Oto-Hime of Japan The adventurer Urashima, rescued by a turtle when his ship sank, was brought to the dragon queen Otohime, who endowed her new lover with valuable gifts. Time passed quickly, more quickly than Urashima knew. Finally he grew homesick for his family and for earthly life. Otohime agreed to let him go, giving him a small box with the requirement that he never open it. When Urashima reached home, he found the faces and names unfamiliar. Puzzled, he found an ancient resident who recognized the name of his family, and learned he had been gone for hundreds of years. Sadly, the young man sat down and, forgetting his promise, opened the little box. Out swept the years he had lived with Otohime. Surrounding him like smoke, they withered his body, and he fell into dust. In recent years, a woman named Fujita Himiko announced herself as the re-born Otohime. From a shrine near Kyoto, she serves as a shaman, bearing the goddess's name. The re-born goddess has announced that humanity suffers from the same delusions as Urashima, because societies fail to recognize the power of women.
Sea Goddesses of the Pacific, a set of 6 stamps, issued by Micronesia on May 29, 1997. Here are the last two stamps:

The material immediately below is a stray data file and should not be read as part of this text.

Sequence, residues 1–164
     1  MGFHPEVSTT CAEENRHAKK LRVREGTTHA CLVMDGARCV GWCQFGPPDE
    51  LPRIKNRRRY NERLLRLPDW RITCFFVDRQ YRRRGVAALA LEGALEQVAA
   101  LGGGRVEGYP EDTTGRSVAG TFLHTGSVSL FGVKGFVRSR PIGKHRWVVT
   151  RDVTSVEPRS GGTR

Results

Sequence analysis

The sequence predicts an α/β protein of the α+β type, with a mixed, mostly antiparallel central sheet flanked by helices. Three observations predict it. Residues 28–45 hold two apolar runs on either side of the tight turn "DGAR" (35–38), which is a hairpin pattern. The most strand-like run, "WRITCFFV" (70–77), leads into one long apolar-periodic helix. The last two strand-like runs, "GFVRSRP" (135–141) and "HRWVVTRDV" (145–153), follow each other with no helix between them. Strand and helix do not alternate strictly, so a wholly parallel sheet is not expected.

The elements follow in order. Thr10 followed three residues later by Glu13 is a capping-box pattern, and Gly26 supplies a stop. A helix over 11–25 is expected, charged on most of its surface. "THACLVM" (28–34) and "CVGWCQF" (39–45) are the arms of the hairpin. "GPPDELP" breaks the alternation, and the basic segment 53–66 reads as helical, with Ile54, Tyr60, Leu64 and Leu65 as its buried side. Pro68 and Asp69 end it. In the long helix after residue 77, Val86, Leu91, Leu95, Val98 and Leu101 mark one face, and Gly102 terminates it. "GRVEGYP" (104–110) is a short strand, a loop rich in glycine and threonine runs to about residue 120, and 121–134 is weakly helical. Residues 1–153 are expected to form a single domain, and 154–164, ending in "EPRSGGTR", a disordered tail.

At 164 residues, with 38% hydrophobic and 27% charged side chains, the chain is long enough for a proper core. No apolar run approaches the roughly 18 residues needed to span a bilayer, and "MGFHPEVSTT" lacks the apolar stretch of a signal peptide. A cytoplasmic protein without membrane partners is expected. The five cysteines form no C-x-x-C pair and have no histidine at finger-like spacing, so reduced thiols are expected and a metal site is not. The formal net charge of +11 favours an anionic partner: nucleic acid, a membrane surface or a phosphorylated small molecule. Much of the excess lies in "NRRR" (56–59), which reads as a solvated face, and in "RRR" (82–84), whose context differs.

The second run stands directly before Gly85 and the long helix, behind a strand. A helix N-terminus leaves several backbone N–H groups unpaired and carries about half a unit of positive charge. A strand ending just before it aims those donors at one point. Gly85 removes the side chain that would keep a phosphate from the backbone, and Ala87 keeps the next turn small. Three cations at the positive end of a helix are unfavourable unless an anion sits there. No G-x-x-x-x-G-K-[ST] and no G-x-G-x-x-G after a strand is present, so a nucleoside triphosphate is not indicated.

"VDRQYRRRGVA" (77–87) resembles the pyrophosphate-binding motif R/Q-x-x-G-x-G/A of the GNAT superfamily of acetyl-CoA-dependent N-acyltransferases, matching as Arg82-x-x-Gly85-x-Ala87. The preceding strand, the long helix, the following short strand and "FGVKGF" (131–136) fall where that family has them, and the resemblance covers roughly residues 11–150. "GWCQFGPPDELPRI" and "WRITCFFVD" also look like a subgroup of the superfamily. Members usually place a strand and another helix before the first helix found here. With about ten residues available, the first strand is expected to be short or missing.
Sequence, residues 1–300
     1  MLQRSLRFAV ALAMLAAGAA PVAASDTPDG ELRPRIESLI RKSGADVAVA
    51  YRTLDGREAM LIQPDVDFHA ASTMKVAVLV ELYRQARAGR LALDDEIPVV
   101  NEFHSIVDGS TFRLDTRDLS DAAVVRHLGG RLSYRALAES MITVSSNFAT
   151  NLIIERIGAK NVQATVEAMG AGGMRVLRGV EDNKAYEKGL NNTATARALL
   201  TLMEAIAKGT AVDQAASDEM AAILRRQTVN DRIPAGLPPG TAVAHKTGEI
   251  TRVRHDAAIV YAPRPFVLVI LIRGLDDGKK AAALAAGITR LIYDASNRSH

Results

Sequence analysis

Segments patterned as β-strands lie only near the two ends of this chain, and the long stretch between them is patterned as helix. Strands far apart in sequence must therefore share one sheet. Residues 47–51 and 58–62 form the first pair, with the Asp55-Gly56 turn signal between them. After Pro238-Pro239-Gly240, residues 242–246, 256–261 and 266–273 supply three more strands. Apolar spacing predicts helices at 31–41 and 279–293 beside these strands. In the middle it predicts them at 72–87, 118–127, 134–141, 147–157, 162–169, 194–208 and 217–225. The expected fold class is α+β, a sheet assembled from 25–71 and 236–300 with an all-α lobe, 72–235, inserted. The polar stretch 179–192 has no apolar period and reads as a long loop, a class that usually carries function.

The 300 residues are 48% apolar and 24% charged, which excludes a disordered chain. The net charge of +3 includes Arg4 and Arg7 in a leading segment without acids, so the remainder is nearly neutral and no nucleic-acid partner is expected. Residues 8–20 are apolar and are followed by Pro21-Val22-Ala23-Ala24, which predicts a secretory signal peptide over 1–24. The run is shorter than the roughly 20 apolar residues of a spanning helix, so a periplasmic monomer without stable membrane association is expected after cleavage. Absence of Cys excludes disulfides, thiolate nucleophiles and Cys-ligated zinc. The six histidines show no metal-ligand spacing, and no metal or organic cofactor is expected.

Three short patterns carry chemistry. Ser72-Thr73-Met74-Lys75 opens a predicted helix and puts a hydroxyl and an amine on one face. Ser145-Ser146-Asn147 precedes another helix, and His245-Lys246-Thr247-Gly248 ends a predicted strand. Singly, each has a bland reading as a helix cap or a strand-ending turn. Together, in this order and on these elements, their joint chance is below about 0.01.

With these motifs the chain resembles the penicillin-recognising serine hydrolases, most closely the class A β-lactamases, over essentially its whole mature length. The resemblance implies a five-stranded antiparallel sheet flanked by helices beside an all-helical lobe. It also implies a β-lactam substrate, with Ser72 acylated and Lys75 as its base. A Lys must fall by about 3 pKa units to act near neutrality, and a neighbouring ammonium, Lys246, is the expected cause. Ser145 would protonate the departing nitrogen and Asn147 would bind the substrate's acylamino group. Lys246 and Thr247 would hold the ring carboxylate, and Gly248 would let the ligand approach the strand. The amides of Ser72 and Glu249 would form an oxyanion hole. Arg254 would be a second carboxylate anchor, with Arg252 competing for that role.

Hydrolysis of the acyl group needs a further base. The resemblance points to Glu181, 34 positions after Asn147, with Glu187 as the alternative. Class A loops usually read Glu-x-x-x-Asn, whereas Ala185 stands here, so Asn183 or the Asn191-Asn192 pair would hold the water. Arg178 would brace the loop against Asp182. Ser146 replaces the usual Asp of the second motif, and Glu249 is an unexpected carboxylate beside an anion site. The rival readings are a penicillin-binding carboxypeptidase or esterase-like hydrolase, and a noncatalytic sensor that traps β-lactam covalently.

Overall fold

Nomoi of Micronesia See above description about Lorop. There is a group of Islands in Micronesia called Nomoi, after the goddess.
Junkgowa Sisters of Australia The Junkgowa Sisters are marine goddesses of the Australian Aborigines. They represent the triple aspect of the Great Goddess: maiden, mother and crone. The Junkgowa Sisters created all the creatures of the oceans and rivers, as well as the first people. To explore the ocean waters, the sisters built a canoe and set out, singing as they paddled. Everywhere they dipped their oars, the creatures of the sea appeared. When the Junkgowa Sisters reached land, they began a walkabout. Every place they touched their staffs to the ground, a water hole appeared, releasing the waters of a sacred spring. These openings are seen as portals into the world of the spirits.